US President Donald Trump has defended his use of social media in a series of tweets, following a row over comments he made about two MSNBC TV presenters.
"My use of social media is not presidential - it's modern day presidential," he tweeted on Saturday.
Earlier in the week, the president launched a crude personal attack on Mika Brzezinski and Joe Scarborough.
His tweets were condemned by Democrats and Republicans alike, despite the White House springing to his defence.
Mr Trump's aides have previously expressed concern over his tweets.
But the president said on Saturday that social media gave him the opportunity to connect directly to the public, bypassing the mainstream media, whose content Mr Trump regularly labels as "fake news".
"The FAKE & FRAUDULENT NEWS MEDIA is working hard to convince Republicans and others I should not use social media," he tweeted, adding: "But remember, I won the 2016 election with interviews, speeches and social media."
Mr Trump also stepped up his attack on CNN after the US news network retracted an article alleging that one of the president's aides was under investigation by Congress.
"I am extremely pleased to see that @CNN has finally been exposed as #FakeNews and garbage journalism. It's about time!"
The story that caused the upset, which was later removed from the website following an internal investigation, resulted in the resignations of three CNN journalists: Thomas Frank, investigative unit editor and Pulitzer Prize winner Eric Lictblau and Lex Harris, who oversaw the investigations unit.
Mr Trump has repeatedly called CNN "fake news" and has previously labelled Buzzfeed a "failing pile of garbage". At a news conference in February, the president was introduced to the BBC's North America editor, Jon Sopel, to which he responded: "Here's another beauty."
Meanwhile, addressing military veterans at the John F Kennedy Center for Performing Arts in Washington on Saturday, Mr Trump promised that America would "win again", prompting cheers from the crowd as he attacked media outlets.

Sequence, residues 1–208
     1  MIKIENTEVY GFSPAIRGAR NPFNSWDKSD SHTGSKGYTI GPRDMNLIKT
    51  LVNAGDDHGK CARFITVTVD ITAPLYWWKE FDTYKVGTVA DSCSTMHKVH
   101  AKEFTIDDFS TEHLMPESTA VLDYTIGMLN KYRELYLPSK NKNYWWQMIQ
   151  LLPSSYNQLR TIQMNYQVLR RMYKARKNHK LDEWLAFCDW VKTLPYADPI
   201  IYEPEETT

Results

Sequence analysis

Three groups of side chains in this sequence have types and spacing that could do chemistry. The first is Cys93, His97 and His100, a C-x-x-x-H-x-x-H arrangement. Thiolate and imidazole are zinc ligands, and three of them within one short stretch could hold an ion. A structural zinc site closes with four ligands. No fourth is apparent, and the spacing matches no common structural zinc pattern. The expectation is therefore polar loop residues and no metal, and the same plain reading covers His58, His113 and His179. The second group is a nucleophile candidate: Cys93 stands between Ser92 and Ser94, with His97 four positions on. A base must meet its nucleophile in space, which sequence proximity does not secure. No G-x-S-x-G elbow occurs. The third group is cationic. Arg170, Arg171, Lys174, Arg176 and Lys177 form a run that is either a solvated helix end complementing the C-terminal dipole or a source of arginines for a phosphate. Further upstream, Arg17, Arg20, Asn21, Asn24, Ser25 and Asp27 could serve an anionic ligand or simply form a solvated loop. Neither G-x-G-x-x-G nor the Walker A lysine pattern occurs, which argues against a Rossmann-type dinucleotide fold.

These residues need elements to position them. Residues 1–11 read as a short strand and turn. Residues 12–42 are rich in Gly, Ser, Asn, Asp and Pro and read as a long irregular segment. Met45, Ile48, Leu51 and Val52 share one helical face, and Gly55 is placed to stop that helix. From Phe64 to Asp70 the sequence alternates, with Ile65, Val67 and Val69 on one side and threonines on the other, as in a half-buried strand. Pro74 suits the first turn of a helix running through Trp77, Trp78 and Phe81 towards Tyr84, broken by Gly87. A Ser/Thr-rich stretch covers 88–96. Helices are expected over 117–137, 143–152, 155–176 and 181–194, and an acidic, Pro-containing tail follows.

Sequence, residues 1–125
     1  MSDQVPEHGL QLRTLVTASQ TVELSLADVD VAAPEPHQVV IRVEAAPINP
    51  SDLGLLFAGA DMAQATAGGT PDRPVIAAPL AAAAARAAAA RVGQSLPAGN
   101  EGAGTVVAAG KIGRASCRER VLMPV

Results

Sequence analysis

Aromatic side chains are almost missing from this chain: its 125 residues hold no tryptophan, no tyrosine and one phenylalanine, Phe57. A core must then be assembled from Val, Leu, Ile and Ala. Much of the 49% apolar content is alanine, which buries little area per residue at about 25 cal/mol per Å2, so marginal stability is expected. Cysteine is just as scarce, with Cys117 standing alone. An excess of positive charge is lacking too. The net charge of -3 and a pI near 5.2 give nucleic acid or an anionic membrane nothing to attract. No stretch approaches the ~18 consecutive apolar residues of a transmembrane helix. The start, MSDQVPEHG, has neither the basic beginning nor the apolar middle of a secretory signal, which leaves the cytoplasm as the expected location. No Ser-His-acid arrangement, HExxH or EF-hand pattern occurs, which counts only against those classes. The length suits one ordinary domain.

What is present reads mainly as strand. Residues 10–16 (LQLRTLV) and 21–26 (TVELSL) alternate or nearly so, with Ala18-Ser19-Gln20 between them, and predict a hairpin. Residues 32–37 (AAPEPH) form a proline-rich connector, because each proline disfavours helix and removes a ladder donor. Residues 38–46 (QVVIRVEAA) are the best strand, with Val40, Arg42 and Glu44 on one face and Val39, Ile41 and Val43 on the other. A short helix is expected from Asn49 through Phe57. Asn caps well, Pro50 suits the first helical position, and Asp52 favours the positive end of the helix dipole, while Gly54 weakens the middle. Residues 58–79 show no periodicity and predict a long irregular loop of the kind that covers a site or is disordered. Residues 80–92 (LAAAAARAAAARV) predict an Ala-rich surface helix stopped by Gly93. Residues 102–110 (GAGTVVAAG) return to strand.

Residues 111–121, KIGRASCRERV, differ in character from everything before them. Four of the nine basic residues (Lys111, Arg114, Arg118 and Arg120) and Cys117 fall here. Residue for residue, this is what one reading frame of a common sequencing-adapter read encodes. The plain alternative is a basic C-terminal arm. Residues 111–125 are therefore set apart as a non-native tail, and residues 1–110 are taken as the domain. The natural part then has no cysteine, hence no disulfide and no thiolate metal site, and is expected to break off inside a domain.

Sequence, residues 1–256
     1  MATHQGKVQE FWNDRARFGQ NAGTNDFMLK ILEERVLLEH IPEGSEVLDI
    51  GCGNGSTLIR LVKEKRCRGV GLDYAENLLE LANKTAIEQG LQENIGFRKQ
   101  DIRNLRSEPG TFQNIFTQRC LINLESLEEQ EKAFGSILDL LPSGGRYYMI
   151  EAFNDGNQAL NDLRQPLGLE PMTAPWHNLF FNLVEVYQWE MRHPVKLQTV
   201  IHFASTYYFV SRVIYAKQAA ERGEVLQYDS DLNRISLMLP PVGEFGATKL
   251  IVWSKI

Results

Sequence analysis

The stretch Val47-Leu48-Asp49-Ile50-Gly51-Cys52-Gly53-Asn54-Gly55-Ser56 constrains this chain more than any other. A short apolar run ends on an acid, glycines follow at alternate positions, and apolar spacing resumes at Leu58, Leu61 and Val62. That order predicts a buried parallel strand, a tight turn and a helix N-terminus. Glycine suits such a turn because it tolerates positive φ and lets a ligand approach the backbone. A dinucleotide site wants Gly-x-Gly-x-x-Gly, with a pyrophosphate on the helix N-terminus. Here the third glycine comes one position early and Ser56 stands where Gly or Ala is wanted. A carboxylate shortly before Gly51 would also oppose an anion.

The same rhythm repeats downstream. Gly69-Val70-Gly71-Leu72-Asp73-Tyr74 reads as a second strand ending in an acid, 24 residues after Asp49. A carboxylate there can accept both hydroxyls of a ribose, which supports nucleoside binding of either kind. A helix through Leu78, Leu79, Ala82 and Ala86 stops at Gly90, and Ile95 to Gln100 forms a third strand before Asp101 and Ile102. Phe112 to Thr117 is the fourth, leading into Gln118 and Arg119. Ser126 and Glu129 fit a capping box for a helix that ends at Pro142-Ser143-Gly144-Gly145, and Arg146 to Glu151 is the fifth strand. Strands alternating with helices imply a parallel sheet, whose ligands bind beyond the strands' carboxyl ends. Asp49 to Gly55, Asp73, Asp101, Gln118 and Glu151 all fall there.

"The fake media is trying to silence us, but we will not let them," he said at the Celebrate Freedom Rally. "The fake media tried to stop us from going to the White House. But I'm president, and they're not."
The US president has more than 33 million followers on Twitter. Although it is becoming seemingly more difficult for the president to shock this audience, his 140-character posts have been condemned by both politicians and commentators.
Some consider the language used by Mr Trump as unsuitable for the holder of the highest office. On Friday, the New York Post published a three-word editorial on Mr Trump's tweets: "Stop. Just stop."
It followed the president's tweets on Thursday mocking MSNBC Morning Joe host Mika Brzezinski, saying she had been "bleeding badly from a facelift" when he saw her six months ago.
He also verbally attacked her co-host and partner, Mr Scarborough, describing him as "psycho Joe".
Ms Brzezinksi and Mr Scarborough hit back, accusing the president of an "unhealthy obsession" with them". They alleged the White House had tried to blackmail them into apologising for their show's negative coverage of President Trump.
Senator Lindsey Graham said Mr Trump's remarks were "beneath the office" of president, while fellow Republican Ben Sasse said "this isn't normal and it's beneath the dignity of your office".
Despite the criticism, President Trump stepped up his attack on Ms Brzezinksi on Saturday, calling her "dumb as a rock".